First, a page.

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|5647340||Convertible dual direct-vented fireplace||July, 1997||Shimek et al.|
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|5482028||Modular fireplace insert with movable manifold||January, 1996||Binzer|
|5479916||Low profile gas burner fireplace table||January, 1996||Shimek et al.|
|5452708||Universal horizontal-vertical (H-V) direct-vented gas heating unit||September, 1995||Shimek et al.|
|5429495||Method and apparatus for enhancing the length and color of gas flames||July, 1995||Shimek et al.|
|5421774||Exhaust vent adapter for use with multiple heating units||June, 1995||Specht||126/307R|
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|5392760||Direct vent fireplace||February, 1995||Binzer|
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|5320086||Direct vent gas appliance with vertical and horizontal venting||June, 1994||Beal et al.|
|5267552||Direct vent gas fireplace||December, 1993||Squires et al.|
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This Application claims the benefit of U.S. Provisional Application 60/115,777, filed on Jan. 13, 1999.
an interior housing forming a combustion chamber;
a top wall, a rear wall and side walls defining an exterior housing about the combustion chamber;
a combustion air flowpath defined within the interior housing through which air for combustion is brought from outside the interior housing into the combustion chamber;
a top port formed in the top wall and a rear port formed in the rear wall, each of the top and rear ports including a first portion and a second portion, the first portion communicating with the combustion chamber, the second portion communicating with the combustion air flowpath; and
a vent pipe assembly including an inlet air pipe member and an outlet air pipe member, the outlet air pipe member being connectable with a selected port at the first portion, the inlet air pipe member being connectable with the selected port at the second portion and including a plate portion extending therefrom which overlies and closes an unselected port, the vent pipe assembly being non-integral with the housing and being movable between the top port and the rear port.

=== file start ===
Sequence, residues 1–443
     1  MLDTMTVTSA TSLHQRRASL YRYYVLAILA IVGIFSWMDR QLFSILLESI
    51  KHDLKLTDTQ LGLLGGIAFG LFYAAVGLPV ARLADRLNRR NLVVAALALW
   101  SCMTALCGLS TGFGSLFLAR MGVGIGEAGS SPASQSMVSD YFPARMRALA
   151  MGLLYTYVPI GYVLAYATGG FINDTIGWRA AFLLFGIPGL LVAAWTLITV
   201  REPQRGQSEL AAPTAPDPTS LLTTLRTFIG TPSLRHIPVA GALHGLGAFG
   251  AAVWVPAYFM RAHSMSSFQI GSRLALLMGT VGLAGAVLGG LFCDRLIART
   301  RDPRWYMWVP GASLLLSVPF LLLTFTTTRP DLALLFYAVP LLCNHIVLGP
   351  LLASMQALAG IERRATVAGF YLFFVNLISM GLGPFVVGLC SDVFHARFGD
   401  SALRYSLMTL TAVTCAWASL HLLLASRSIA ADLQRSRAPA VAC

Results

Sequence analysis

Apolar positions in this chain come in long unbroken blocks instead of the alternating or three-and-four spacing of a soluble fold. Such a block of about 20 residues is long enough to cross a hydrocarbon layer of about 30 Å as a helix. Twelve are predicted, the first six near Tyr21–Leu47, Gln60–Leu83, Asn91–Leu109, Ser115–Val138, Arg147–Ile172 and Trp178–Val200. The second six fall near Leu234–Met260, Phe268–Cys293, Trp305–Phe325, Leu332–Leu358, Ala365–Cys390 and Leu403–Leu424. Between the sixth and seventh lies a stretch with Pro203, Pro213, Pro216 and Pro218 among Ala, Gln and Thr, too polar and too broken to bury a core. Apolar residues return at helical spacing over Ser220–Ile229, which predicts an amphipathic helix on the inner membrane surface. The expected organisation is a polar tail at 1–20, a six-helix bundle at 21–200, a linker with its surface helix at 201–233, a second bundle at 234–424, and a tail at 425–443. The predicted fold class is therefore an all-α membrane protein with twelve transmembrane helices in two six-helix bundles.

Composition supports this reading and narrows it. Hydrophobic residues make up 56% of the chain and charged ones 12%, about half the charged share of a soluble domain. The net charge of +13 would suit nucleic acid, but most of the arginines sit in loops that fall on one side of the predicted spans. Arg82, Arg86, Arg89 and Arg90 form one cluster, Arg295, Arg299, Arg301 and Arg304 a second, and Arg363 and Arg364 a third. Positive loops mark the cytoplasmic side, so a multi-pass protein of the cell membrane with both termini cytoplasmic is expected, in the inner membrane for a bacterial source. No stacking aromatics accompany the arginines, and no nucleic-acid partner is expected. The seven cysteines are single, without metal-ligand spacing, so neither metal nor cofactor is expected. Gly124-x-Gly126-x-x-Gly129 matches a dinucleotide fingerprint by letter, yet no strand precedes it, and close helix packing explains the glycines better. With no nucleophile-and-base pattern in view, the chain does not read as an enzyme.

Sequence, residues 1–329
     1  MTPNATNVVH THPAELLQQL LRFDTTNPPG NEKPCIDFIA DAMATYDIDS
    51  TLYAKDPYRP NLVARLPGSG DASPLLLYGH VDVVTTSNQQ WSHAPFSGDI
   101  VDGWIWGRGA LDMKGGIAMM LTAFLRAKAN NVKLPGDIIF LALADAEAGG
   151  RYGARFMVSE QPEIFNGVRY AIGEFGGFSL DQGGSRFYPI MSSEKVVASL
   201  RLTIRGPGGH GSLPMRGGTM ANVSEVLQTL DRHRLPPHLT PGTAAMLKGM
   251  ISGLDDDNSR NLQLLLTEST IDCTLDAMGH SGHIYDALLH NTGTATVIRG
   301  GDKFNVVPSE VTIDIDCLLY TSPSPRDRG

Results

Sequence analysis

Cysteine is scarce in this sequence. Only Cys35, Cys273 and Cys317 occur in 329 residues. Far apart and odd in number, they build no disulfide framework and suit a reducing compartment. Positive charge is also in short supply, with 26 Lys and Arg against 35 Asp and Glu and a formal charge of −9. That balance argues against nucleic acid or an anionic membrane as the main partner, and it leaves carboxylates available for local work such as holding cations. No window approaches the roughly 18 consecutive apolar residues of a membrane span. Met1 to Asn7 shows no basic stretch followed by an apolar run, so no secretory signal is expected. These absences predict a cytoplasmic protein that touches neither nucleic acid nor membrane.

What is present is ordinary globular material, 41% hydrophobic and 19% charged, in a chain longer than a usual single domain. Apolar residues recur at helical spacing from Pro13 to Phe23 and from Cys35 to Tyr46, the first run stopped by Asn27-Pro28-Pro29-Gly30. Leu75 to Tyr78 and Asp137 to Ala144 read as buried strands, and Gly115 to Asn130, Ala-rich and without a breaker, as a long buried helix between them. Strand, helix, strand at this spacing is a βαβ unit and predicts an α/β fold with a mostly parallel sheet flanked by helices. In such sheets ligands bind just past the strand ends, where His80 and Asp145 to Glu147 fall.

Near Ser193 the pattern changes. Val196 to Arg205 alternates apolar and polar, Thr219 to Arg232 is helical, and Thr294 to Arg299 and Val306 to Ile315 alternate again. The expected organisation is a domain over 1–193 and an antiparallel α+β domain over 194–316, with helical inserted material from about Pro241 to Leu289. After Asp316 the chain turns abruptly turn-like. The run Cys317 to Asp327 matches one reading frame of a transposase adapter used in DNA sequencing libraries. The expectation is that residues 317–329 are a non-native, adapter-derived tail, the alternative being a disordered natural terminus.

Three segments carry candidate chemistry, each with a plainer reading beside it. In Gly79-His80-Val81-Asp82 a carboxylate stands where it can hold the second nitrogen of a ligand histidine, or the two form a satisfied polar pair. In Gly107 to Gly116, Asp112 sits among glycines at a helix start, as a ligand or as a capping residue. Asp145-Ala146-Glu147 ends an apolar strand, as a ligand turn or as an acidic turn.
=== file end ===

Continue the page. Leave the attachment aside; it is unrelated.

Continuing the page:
an inlet air pipe member including an opening formed therein and a plate portion extending therefrom, the plate portion being positioned over an unselected port of the fireplace to prevent the escape of exhaust material through the unselected port; and
an outlet air pipe member positioned within the opening of the inlet pipe member, the outlet pipe member being connectable with a selected port of the fireplace to allow the escape of exhaust material through the selected port.
a selected port;
an unselected port; and
a vent pipe assembly including an inlet air pipe member and an outlet air pipe member, each of the inlet and outlet air pipe members being connectable with the selected port, the inlet air pipe member including a plate portion extending therefrom which overlies and closes the unselected port, the vent pipe assembly being non-integral with the fireplace and being movable between the selected port and the unselected port.
1. Field of the Invention
The present invention relates to fireplaces and, in particular, to direct vent gas fireplaces.
2. Description of the Related Art
Gas fireplaces of conventional design typically utilize a source of combustion air from the room being heated. This lowers the efficiency of the gas fireplace because a portion of the heated air in the room is drawn into the combustion chamber and exhausted up the chimney. It is known to provide separate ducting from the outside ambient environment to the combustion chamber to increase the efficiency of the fireplace. The ducted air provides a source of oxygen for combustion in the combustion chamber and decreases the amount of air from the room being heated which is exhausted up the chimney. Such ducting, however, requires additional materials and labor to install.
It is also known in the art to utilize concentric flue pipes to exhaust combustion products to the outside environment and supply combustion air from the outside environment. Such fireplaces are termed "direct vent" fireplaces and are disclosed, for example, in U.S. Pat. Nos. 4,793,322 (Shimek I) and U.S. Pat. No. 4,909,227 (Rieger). A direct vent fireplace has the advantage of utilizing a common concentric flue pipe assembly to both exhaust combustion products from and supply combustion air to the combustion chamber. Moreover, only a single opening need be cut through an exterior wall of a house to accommodate the concentric flue pipe assembly.